In the spring of 1974, as the last American troops were being pulled out of Vietnam, Ron Kovic and a small group of other severely injured veterans in a California VA hospital launched the American Veterans Movement. In a phenomenal feat of political organizing, Kovic corralled his fellow AVM members into staging a sit-in, and then a hunger strike, in the Los Angeles office of Senator Alan Cranston, demanding better treatment of injured and disabled veterans.
This was a short-lived and chaotic but ultimately successful movement to improve the deplorable conditions in VA hospitals across the country. Hurricane Street is their story - one that resonates deeply today - told by Kovic in the passionate and brutally honest style that led to over one million sales of Born on the Fourth of July.
"The author of Born on the Fourth of July (1976) recounts the brief 1974 movement he initiated to change how Veterans Affairs hospitals cared for wounded soldiers.... The great strength of this book is that the author never minces words. With devastating candor, he memorializes a short-lived but important movement and the men who made it happen. Sobering reflections on past treatment of America's injured war veterans." (Kirkus Reviews)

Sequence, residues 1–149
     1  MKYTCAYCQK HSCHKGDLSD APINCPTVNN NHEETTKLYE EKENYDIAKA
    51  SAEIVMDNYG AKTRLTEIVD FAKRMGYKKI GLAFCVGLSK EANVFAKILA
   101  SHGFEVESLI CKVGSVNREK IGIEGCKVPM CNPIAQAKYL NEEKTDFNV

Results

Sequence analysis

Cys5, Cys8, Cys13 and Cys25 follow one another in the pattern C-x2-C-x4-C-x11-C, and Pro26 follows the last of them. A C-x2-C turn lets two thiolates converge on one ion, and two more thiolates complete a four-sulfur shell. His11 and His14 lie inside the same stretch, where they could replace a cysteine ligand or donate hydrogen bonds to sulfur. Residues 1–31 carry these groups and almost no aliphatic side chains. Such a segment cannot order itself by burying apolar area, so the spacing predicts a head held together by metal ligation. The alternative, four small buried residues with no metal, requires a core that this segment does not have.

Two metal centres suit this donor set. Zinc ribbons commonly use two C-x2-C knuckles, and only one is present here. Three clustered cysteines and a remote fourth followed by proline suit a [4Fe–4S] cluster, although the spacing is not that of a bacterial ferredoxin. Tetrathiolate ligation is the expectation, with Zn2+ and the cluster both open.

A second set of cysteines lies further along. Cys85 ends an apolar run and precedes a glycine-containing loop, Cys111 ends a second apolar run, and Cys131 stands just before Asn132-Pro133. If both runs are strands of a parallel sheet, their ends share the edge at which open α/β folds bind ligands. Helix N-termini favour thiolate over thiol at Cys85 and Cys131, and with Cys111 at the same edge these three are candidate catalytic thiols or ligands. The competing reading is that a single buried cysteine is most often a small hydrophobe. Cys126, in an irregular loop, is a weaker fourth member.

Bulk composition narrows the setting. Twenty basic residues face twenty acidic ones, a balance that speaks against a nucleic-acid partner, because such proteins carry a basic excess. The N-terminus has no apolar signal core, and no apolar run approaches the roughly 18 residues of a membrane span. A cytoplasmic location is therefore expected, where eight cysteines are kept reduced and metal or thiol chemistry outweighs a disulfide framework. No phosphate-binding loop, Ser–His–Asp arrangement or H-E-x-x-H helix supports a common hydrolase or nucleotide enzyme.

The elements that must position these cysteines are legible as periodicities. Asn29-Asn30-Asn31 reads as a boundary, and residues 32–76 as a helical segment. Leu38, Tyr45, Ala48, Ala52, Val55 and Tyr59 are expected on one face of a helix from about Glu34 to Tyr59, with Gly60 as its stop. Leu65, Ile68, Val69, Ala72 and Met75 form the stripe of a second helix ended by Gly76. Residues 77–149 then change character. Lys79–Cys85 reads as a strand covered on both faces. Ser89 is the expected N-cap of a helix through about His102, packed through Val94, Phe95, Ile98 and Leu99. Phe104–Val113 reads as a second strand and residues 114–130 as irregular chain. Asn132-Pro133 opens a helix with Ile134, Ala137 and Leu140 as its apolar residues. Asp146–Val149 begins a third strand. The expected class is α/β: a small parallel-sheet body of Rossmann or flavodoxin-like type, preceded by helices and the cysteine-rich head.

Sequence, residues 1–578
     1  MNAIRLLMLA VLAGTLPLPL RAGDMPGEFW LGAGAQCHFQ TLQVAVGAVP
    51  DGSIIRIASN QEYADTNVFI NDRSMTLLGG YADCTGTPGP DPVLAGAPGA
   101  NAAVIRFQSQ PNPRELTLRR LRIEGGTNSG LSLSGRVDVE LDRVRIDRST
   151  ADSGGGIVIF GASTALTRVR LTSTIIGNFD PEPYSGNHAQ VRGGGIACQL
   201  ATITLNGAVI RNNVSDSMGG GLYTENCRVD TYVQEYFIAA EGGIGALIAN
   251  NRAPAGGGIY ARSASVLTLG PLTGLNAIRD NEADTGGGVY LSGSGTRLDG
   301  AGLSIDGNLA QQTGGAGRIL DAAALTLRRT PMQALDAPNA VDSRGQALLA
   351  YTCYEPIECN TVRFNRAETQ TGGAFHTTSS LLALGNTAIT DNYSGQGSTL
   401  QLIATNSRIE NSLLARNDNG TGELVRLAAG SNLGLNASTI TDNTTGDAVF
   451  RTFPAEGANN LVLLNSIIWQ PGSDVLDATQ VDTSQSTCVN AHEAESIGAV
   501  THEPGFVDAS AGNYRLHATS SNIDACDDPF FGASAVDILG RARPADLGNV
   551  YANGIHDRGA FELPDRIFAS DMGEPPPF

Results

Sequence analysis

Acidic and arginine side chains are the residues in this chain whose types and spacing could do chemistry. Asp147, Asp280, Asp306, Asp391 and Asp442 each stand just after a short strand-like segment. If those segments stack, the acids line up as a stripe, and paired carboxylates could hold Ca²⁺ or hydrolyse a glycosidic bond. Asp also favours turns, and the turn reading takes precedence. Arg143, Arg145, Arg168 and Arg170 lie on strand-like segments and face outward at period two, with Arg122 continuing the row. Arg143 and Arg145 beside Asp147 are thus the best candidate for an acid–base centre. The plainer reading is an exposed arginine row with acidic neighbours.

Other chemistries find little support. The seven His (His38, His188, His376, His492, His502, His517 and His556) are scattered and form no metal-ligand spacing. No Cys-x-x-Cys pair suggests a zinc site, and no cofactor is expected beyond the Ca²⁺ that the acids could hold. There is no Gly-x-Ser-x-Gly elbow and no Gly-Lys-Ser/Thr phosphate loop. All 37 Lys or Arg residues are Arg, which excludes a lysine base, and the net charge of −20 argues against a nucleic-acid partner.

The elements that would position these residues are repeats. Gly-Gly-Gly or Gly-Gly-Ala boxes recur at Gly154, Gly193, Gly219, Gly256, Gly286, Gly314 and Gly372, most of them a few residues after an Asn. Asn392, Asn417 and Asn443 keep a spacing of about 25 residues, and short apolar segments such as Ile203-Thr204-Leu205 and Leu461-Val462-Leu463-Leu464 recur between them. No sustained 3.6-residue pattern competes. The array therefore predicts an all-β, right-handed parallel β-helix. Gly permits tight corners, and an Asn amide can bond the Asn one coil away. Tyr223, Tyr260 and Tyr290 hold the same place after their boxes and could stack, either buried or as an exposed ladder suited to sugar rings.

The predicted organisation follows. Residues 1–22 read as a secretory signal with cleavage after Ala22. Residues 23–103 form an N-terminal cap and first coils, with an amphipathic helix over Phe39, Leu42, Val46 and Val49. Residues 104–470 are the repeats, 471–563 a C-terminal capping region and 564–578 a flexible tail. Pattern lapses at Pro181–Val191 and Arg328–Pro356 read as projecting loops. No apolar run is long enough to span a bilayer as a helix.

"[A] compelling snapshot of early 1980s activism.... Without social media or cell phones to boost the signal, it was Kovic's flair for the dramatic and ability to marshal reporters that turned the protest into a battle victory.... Kovic's updates on the fates of his fellow veterans provide a memorable and bittersweet conclusion." (Publishers Weekly)
"The author of the best seller Born on the Fourth of July writes an impassioned and timely memoir about the 1974 American Veterans Movement that will strike a chord with veterans and their families today." (Publishers Weekly)
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A Story I'll Never Forget
A fine follow-up